In everything we do, we show that we are true ministers of God. We patiently endure troubles and hardships and calamities of every kind. We prove ourselves by our purity, our understanding, our patience, our kindness, by the Holy Spirit within us, and by our sincere love. We serve God whether people honor us or despise us, whether they slander us or praise us. We are honest, but they call us imposters. 2 Corinthians 6:4,6,8 (NLT)
I used to drive aggressively, swerving around cars cautiously turning right, using the shoulder to pass cars turning left, groaning when drivers slowed for yellow lights. Although I never honked my horn, my thoughts blared.
In an attempt to live my faith, I began showing kindness, inviting cars to go ahead, waiting for turning cars, and pulling over to let tailgaters speed along their way.
Amazingly, I still get where I’m going and I feel calm.
When the church was just starting, patience set Christians apart from others in society. Patience meant waiting well, but also encompassed endurance, non-violence, and trust. They didn’t pounce on debtors who paid late and sometimes forgave loans. When insulted, they didn’t retaliate but responded with kindness. They loved their enemies and wore their oppressors out with patience. Impatience showed a lack of faith.
He does not compel belief, but patiently hopes to draw us close. Jesus epitomized patience. He kept a low profile, shouldered criticism and challenges to his authority, forced no one, ate with anyone, and rejected violence. His accusers mocked and spat on Him, but He did not call down angels in defense.
Patience is grounded in trust, a certainty that God will make everything right. We need not retaliate. God will judge. We need not worry. God will provide. We need not argue with critics. God will illuminate the truth. We can wait and trust God’s timing.
Would you be attracted to such a community?
How can we stand apart from the mainstream by exhibiting more patience?
But because of His great love for us, God, who is rich in mercy, made us alive with Christ even when we were dead in transgressions – it is by grace you have been saved. Ephesians 2:4-5 (NIV)
Have you ever wondered how the Old Testament God could be the same as the New Testament God? You’re not alone. (tweet this)
The Old Testament God seems so angry, yet Jesus teaches us to love our neighbor and our enemy. If God loves people, why is the Old Testament so violent? It’s disturbing and confusing and I don’t have an answer. But I will plant a few Seeds.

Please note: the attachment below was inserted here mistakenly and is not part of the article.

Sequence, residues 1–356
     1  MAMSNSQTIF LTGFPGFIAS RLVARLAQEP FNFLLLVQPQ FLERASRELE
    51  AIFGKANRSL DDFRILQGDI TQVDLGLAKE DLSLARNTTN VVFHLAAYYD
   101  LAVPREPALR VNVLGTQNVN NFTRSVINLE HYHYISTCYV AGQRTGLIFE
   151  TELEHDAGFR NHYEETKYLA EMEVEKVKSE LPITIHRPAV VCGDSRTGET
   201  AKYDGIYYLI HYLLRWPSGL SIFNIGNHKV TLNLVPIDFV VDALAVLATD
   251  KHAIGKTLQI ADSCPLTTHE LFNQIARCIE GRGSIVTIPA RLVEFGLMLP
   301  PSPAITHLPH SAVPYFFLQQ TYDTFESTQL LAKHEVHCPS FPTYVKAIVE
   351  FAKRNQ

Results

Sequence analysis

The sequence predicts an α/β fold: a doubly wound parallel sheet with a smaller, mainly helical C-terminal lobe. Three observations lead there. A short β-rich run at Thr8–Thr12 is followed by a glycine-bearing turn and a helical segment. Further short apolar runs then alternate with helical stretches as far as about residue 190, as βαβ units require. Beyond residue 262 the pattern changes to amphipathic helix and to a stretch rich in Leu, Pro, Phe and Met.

We probably all agree that love is one of God’s fundamental characteristics. God is also unchanging. Even when we don’t understand (or agree with) His ways, God is always holy, loving, just and merciful.
Combining God’s love with His justice creates a problem. He deeply loves us, but we are sinful. As hard as we try, we cannot avoid unloving thoughts and self-centered behaviors.
Only God can resolve this grave discrepancy. In His love and mercy, God provided a way for us to reside in His presence in spite of our sinful nature. Jesus. We survive God’s justice because Jesus suffered our punishment.
These few words scatter full Seed packets. Instead of sprinkling Bible references throughout, the colored phrases link to scriptural claims. Click to dig deep and plant!
What are your thoughts? Leave a comment or email me.
But our citizenship is in heaven. And we eagerly await a Savior from there, the Lord Jesus Christ, who, by the power that enables Him to bring everything under His control, will transform our lowly bodies so that they will be like His glorious body. Philippians 3:20-21 (NIV)
We remember life’s fragility when someone dies tragically.
Human life is beautiful and fragile. Eventually, we all die and death does not always wait until our lives feel complete. A long life is not guaranteed. Tomorrow is not guaranteed.
I don’t want to die anytime soon. I love my life, this place, and my people. I grieve the thought of leaving loved ones. Departing with meaningful goodbyes might help, but that opportunity is not guaranteed.
Yet as significant as this life appears, it’s merely a brief stop.
We are foreigners on earth, just passing through. Heaven is our real home. Our lifelong efforts to spread God’s kingdom on earth are crucial, but in view of eternity we are like grass or flowers, briefly beautiful and quickly gone (1 Peter 1:24).
Heaven, however, is magnificently superior. The Bible describes a place of healing, peace, joy, and beauty. We anticipate reuniting with loved ones. But we sometimes forget the best part: God will dwell with us (Rev 21:3)!
But God’s presence presents a problem. God is holy and nothing imperfect can live in His presence. So Jesus shed His blood in order to remove the sins of those who believe His blood has this power. The blood of the Lamb permits entry to heaven.
Do you believe Jesus’ blood has the power to forgiven sin?
I believe. I am a sinner in need of Jesus.
This concept can be difficult to grasp. If you’d like to know more, please email me (email@example.com) or explore these other posts:
David was conscience-stricken after he had counted the fighting men and he said to the Lord, “I have sinned greatly in what I have done. Now, O Lord, I beg you, take away the guilt of your servant. I have done a very foolish thing.” 2 Sam 24:10 (NIV)
What makes David a man after God’s own heart (1 Sam 13:14)?
We remember that David slept with Bathsheba, another man’s wife, and had her husband killed when his plan to hide her pregnancy failed. How could God bless this deceiving adulterer turned murderer?